In 2007, I founded the Mark Allen Everett Poetry Series. This series curates between 10 to 15 readings a year in Norman, Oklahoma and features poets spanning a broad spectrum of poetry communities and styles. Past poets who have read include Tom Raworth, Hank Lazer, Mei-mei Berssenbrugge, Lorna Dee Cervantes, Arthur Sze, Natasha Tretheway, Myung Mi Kim, Charles Alexander, Joe Harrington, Afaa Weaver, Shin Yu Pai, Leonard Schwartz, Hugh Tribby, Gerald Stern, Sy Hoawhwah, Alexandra Teague, Kate Greenstreet, Dean Rader, Zhang Er, Julie Carr, Tim Roberts, Grant Jenkins, Keorapetse Kgositsile, Duo Duo, Wang Jiaxin, Glenn Mott, among many more.
Qiu Xiaolong (裘小龙 ) began writing poems in Chinese in 1978, when he studied under the well-known Chinese poet, Bian Zhilin (卞之琳). After moving to the U.S., Qiu shifted to writing in English, and while he has continued to write and publish poetry (including his most recent collection Disappearing Shanghai, with photography by Howard French), he has become a popular novelist, with eight novels in the internationally best-selling “Inspector Chen” series, whose protagonist is a poet. Qiu has a collection of short stories, and several collections of classic Chinese poetry in translation as well. In this conversation, we talk about his background in modern Chinese poetry, his own ongoing dialog with Classical Chinese and his relationship to his poet-protagonist Inspector Chen. Qiu’s poetry is featured in the current issue of Chinese Literature Today magazine. This recording took place at the Montford Inn in Norman, Oklahoma in 2012.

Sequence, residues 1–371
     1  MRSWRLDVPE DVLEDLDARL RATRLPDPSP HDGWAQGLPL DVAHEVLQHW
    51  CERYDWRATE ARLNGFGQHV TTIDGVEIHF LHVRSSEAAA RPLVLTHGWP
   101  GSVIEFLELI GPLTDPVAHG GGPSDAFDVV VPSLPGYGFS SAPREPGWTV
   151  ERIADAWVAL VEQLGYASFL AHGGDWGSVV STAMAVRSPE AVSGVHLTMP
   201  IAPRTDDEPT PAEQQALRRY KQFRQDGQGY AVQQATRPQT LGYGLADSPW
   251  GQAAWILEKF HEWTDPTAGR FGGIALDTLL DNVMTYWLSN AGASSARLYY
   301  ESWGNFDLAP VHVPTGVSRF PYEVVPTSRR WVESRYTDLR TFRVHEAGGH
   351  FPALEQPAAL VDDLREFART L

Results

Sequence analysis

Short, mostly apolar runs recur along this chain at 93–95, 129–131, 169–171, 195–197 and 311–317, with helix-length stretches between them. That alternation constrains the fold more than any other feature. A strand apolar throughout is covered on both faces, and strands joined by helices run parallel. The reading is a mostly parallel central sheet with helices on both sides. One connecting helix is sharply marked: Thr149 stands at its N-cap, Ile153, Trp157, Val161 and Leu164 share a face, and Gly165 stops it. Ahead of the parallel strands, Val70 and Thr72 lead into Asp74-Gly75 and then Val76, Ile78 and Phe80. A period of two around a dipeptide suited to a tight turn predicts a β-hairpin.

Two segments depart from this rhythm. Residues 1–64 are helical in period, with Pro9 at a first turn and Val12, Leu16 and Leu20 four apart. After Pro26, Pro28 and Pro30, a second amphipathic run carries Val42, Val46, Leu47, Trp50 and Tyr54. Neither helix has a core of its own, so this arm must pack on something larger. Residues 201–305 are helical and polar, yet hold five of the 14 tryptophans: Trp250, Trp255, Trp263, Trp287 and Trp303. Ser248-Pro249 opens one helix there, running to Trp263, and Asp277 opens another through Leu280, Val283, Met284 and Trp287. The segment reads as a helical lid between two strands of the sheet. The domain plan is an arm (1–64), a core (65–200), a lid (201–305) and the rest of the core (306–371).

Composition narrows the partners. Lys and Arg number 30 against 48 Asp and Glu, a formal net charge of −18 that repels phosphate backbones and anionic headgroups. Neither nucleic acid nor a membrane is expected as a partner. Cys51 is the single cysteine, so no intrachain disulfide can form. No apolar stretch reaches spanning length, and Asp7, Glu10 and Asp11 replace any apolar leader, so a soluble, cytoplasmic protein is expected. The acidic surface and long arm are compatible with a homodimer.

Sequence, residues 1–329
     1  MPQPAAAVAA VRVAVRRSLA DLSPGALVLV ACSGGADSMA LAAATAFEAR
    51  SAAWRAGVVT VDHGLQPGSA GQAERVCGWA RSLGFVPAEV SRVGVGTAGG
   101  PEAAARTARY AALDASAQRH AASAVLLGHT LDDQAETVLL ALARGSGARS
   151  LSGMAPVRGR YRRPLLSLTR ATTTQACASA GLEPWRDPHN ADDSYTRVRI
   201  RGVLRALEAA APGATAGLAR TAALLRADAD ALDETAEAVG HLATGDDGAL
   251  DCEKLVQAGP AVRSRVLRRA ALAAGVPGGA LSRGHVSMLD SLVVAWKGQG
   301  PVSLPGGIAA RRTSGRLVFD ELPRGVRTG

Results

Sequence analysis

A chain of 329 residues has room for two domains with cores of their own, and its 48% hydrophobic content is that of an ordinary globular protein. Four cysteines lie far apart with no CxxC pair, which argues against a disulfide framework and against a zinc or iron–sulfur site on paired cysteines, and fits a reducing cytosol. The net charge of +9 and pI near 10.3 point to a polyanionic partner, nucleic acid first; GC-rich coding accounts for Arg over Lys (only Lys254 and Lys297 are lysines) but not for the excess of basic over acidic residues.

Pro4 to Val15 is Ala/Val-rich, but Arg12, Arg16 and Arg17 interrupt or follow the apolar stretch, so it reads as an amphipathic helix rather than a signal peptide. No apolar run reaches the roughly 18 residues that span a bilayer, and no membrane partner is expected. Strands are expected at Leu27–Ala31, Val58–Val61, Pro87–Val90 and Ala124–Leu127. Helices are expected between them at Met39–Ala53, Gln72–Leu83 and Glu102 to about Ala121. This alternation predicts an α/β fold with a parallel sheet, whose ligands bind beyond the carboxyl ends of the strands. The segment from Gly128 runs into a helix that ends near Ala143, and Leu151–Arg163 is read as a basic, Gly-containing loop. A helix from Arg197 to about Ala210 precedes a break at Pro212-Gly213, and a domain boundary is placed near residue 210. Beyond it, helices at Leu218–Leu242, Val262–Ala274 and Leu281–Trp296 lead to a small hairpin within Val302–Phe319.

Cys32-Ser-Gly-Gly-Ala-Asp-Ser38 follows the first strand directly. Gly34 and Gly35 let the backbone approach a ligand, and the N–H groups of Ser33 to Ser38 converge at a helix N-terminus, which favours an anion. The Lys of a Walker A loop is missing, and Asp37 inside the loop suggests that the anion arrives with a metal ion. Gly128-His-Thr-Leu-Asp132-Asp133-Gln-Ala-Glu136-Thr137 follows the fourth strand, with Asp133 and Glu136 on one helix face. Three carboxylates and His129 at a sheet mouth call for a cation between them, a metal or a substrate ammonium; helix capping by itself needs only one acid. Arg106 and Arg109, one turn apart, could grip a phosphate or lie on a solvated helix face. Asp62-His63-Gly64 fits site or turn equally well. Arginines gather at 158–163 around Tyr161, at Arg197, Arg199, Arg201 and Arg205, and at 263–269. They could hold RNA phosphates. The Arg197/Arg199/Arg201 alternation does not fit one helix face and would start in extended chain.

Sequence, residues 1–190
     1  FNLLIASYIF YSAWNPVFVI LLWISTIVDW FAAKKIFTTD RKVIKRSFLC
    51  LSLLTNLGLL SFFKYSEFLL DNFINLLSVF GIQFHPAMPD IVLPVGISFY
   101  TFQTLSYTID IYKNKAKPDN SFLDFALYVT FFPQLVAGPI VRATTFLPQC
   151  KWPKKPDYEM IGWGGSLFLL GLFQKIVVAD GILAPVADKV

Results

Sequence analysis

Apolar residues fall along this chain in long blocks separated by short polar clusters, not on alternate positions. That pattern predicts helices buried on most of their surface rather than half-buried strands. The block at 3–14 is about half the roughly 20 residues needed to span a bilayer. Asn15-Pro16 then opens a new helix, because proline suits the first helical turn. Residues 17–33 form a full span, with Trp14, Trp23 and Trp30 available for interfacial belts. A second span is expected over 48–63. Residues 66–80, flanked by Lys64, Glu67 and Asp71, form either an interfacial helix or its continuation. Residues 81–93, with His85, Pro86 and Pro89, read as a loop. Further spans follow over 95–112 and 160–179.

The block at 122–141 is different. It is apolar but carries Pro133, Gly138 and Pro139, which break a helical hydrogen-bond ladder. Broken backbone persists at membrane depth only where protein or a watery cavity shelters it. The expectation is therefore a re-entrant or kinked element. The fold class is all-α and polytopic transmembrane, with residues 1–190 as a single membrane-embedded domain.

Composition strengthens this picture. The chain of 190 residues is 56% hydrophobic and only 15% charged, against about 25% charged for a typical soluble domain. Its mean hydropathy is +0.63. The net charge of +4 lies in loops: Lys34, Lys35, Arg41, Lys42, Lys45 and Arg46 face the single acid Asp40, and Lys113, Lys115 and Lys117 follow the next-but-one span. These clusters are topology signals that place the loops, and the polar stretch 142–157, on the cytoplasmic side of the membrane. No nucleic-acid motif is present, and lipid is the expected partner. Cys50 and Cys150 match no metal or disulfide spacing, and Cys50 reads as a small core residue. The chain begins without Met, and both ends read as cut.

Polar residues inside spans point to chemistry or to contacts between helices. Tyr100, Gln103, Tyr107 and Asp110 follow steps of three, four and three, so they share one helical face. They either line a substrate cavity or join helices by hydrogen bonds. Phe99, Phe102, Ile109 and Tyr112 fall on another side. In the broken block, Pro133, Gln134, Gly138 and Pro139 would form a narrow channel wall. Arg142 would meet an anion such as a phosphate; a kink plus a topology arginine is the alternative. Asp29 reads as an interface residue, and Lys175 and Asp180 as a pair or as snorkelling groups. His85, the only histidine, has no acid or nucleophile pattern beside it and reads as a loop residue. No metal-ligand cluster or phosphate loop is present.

Born in Shanghai, Qiu Xiaolong published poetry, translation and criticism in Chinese before he went to the United States as a Ford Foundation Fellow. He is the author of nine novels in the award-winning Inspector Chen series—with book eight, Enigma of China, recently out in the U.S., and book nine, Shanghai Redemption, scheduled to debut in French this March. He has also published collections of short stories, poetry and poetry translations. His books have been translated into more than twenty languages. He lives in St. Louis with his wife and daughter.